The French photographer JR uses Instagram as a collaborative tool, bringing people together to turn the world "inside out"
Jun. 3, 2014. JR in Paris.
Welcome to this week’s edition of TIME’s LightBox Follow Friday, a series where we feature the work of photographers who are using Instagram in new and engaging ways. Each week we will introduce you to the person behind the feed through his or her pictures and share an interview with the photographer.
This week on #LightBoxFF, TIME speaks with French artist JR (@jr), popular for his large-scale, black-and-white portraits of people which he’s been pasting on walls around the world for the past decade. In 2011, he launched the Inside Out participatory project, calling on people to print and share their own portraits. This week, his latest body of work can be seen on the walls of one of Paris’s great monuments, the Pantheon.
LightBox: How are you using Instagram now, and how has it become a part of your professional practice?
JR: I use Instagram everyday. It’s a way for me to directly connect with people around the world, to build teams and assemble volunteers for my projects. Sometime I just tell my followers, “We’re starting a pasting here, join us.” It’s the easiest way for me to connect with them. The funny thing is that I always find one person whose window is directly facing one of my pastings, and I always end up taking a photo from there after “instagramming” with that person. It makes the world seem so much smaller.
Mar. 15, 2014. The mobile photo booth in Caranac, France, one of the many stops on its journey to capture portraits of people around the world.
LightBox: How has Instagram allowed you to further your projects?
JR: By gathering people around the world and discovering, sometimes through Instragram, how they have used the posters I sent them as part of the Inside Out project. A lot of the institutions that I work with also follow my Instagram feed. They often connect me with specific projects that relate to what I am working on.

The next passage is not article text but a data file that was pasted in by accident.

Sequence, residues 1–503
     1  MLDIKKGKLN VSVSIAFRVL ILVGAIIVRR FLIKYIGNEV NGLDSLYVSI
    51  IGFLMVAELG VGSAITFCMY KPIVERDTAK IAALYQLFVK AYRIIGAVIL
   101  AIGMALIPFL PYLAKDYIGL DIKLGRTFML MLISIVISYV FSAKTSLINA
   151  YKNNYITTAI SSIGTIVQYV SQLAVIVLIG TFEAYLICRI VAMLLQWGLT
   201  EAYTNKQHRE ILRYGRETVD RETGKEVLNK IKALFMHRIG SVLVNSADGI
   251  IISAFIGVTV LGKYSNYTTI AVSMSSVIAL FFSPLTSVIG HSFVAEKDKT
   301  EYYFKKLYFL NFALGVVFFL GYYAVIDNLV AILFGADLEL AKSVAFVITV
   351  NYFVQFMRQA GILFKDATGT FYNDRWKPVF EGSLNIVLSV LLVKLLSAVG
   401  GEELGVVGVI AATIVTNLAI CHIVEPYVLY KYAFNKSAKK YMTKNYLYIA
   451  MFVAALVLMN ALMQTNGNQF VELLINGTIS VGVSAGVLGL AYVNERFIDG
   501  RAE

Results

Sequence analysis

Jun. 3, 2014. Inside of the Panthéon in Paris.
LightBox: Which post inspired the most audience feedback and engagement, and why do you think that photo got people’s attention?
JR: A nice sunset will always resonate with people, but I’ve never posted any. I like posting photos that show my work process, even if they don’t get as much feedback. But, as you would expect, pictures of the final pieces always get more buzz. It’s definitely a way for me to keep a photographic journal of the people I meet and the rooftops I end up visiting on my travels. I take most of my photos with my phone, but sometimes use a small camera I carry with me. And I always post in real time.
Apr. 23, 2014. Dancers from the New York City Ballet work on a project in JR’s studio
LightBox: Who do you follow on Instagram?
JR: I follow friends and artists who inspire me. I really like following the process of other artists — we all work so differently. The best Instagram accounts are those that have a consistency and a style that you recognize right when you see the image.
JR is a photographer and artist based in Paris and New York. Follow him on Instagram @jr.
Erica Fahr Campbell is an associate photo editor for TIME. Follow her on Twitter @ericafahr.
See more from TIME’s #LightBoxFF series here